SAVANNAH, GA (WTOC) - Gay rights advocates across the nation celebrated the Supreme Court's decision to overturn the Defense of Marriage Act, but it left some the Coastal Empire and Lowcountry wondering where they stand.
Take Billy Wooten. He's gay and married his partner of 15 years in March -- traveling to Washington, D.C., where gay marriage is legal, to tie the knot before coming home to Savannah.
"We did it one because we wanted to and two because we could but three to prepare for the day when DOMA was struck down," he said. "There was no doubt in my mind that DOMA would be found unconstitutional."
As a married gay man living in a state where gay marriage is illegal, Wooten will file his 2013 state tax returns as single, but he's not sure yet how he'll file his federal returns.
The Defense of Marriage Act, signed in 1996, had made it illegal to offer federal benefits to same-sex couples in states where they were legally married.
The Diocese of Savannah decried the Supreme Court's decision. Rev. Daniel Firmin, the diocese's vicar general called it a "watershed.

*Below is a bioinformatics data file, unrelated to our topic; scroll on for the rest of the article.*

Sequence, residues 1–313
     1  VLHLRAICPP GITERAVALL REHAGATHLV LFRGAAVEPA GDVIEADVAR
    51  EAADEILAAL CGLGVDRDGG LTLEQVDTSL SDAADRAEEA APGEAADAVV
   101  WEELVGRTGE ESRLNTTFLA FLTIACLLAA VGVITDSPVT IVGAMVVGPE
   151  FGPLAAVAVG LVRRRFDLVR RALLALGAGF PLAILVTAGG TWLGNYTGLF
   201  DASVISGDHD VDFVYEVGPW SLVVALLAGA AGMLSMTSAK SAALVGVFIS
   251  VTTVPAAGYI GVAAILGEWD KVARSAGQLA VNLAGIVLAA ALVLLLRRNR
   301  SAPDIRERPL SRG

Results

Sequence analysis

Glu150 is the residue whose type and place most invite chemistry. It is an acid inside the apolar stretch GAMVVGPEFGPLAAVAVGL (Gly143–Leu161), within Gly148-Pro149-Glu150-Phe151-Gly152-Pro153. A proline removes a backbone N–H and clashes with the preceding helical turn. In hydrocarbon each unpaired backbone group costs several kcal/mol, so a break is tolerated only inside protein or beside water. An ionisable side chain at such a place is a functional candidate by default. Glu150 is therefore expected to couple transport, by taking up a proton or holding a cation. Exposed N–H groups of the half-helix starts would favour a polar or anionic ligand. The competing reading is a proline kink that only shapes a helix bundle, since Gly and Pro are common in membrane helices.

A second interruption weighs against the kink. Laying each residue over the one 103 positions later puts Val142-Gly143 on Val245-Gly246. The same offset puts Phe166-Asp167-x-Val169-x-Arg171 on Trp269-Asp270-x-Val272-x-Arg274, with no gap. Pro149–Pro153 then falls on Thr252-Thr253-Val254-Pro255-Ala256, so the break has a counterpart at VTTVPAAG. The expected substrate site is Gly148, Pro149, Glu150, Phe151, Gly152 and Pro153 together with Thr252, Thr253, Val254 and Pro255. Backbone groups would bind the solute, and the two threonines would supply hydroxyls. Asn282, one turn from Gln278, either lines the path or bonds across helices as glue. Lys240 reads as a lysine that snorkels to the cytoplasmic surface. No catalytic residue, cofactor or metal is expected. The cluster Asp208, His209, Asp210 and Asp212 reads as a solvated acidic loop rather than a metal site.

"Different relationships have different terms different meanings," he said. "But marriage is a special one. Marriage is a special one. We can entertain the duscusssion of what we call different types of relationships for sure. But marriage is. Marriage is a unique one."
Firmin reaffirmed the church's position that marriage is between a man and a woman and is for the purpose of creating children.
"Society defines it as a union between a man and a woman, and that's what we will focus on," he said. "And that's what we will defend."
But Wooten sees those tides turning despite the church's efforts.
"Some case somewhere will work its way through the courts I feel sure, and it will just be a matter of time before gay marriage will be in 50 states," he said.